A number of regions in the frontal and parietal cortex show extreme domain generality, with a similar pattern of activity for many different kinds of cognitive demand. We call this multiple-demand or MD cortex.
To define MD regions, activity can be averaged from a diverse set of tasks. Seven tasks were used in:
Fedorenko E, Duncan J, Kanwisher N (2013) Broad domain generality in focal regions of frontal and parietal cortex. Proc Natl Acad Sci U S A 110:16616-16621.
The units are t-statistics from contrasts that isolate cognitive demand, averaged across the seven tasks. To create a symmetrical volume, data from left and right hemispheres were averaged, then projected back to both hemispheres. The figure below shows the main foci of the multiple demand system when this volume is thresholded at a value of t>1.5.
The next figure shows a parcellation into regions of interest (7 of 27 clusters are visible), after thresholding at t>1.5. If a cluster contained multiple peaks that also survived t>2.7, then the larger cluster was subdivided, assigning each voxel to the nearest subregion at the higher threshold.
A similar network might be predicted in non-human primates, who readily perform similar tasks after training. Unfortunately, practical constraints of scanning behaving animals make it challenging to identify a macaque MD network using a similar method of combining domain-general responses to cognitive demand. However, co-activation of human MD regions during rest suggests an alternative strategy.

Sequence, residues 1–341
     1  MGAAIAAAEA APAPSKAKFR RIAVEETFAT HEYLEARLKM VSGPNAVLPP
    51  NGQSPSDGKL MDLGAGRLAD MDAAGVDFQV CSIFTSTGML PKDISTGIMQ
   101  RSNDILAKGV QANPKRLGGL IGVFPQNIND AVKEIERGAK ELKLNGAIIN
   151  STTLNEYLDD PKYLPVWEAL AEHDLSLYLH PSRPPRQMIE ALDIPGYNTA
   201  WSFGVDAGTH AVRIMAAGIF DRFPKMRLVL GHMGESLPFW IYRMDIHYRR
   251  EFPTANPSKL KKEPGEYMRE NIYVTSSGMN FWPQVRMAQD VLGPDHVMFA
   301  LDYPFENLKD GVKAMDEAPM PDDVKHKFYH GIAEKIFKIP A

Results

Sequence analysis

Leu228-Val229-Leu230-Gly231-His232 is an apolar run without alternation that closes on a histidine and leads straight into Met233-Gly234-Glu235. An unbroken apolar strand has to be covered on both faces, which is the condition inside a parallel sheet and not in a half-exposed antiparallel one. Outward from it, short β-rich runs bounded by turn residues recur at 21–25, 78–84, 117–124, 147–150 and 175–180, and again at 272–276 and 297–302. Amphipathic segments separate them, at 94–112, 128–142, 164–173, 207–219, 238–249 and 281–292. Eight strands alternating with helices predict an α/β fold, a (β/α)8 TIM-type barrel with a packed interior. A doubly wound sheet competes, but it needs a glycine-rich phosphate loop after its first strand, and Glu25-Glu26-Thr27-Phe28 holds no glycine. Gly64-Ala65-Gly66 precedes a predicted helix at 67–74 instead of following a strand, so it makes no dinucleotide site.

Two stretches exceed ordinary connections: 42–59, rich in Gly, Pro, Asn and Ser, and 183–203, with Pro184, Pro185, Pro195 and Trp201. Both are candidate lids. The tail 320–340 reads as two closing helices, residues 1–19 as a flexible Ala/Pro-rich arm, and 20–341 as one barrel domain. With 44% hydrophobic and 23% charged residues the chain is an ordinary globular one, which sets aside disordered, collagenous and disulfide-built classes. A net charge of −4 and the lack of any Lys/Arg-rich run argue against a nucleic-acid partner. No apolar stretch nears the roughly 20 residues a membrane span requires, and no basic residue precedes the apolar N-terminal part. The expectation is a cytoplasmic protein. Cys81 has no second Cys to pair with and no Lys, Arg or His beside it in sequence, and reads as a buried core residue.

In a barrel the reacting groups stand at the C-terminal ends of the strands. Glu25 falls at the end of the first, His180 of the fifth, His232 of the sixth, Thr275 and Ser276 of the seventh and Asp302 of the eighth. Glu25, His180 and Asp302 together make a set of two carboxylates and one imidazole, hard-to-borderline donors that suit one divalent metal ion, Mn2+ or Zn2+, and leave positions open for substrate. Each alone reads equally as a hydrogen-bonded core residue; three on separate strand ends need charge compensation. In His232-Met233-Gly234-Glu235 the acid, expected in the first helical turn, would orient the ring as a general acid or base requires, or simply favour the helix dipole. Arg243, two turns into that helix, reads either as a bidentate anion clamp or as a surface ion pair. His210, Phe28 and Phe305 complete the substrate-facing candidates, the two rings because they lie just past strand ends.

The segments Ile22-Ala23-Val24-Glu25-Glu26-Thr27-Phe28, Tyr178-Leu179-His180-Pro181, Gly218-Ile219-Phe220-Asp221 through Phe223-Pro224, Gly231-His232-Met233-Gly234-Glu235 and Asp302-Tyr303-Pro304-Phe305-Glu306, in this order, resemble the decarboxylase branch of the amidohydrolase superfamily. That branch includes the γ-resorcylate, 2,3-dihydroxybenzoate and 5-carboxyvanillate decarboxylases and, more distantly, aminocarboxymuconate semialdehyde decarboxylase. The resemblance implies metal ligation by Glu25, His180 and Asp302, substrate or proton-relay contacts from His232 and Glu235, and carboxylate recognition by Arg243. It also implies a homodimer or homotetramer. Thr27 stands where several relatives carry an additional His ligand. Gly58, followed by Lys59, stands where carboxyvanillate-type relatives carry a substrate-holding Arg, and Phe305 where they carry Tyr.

We sought to identify a macaque counterpart to the human MD system using fMRI connectivity while monkeys were lightly anaesthetised, based initially on standard anatomical comparative mapping:
We then refined these foci using an iterative approach to find the voxels local to each region that were most connected to the rest of the network:
Finally, whole-brain connectivity maps from the optimised regions were combined, thresholded and parcellated:
Note that the parcellation was performed in the volume rather than on the surface, and alternative divisions are possible. Note also that the parcellation includes a cluster in the lateral fissure, which does not match human MD regions and may not be part of the core network. The two smallest clusters did not contain any voxels significantly connected to all MD ROIs, and were discarded.
Further details can be found in: A putative multiple-demand system in the macaque brain (2016) Mitchell, D.J. et al. J Neurosci 36(33): 8574-8585.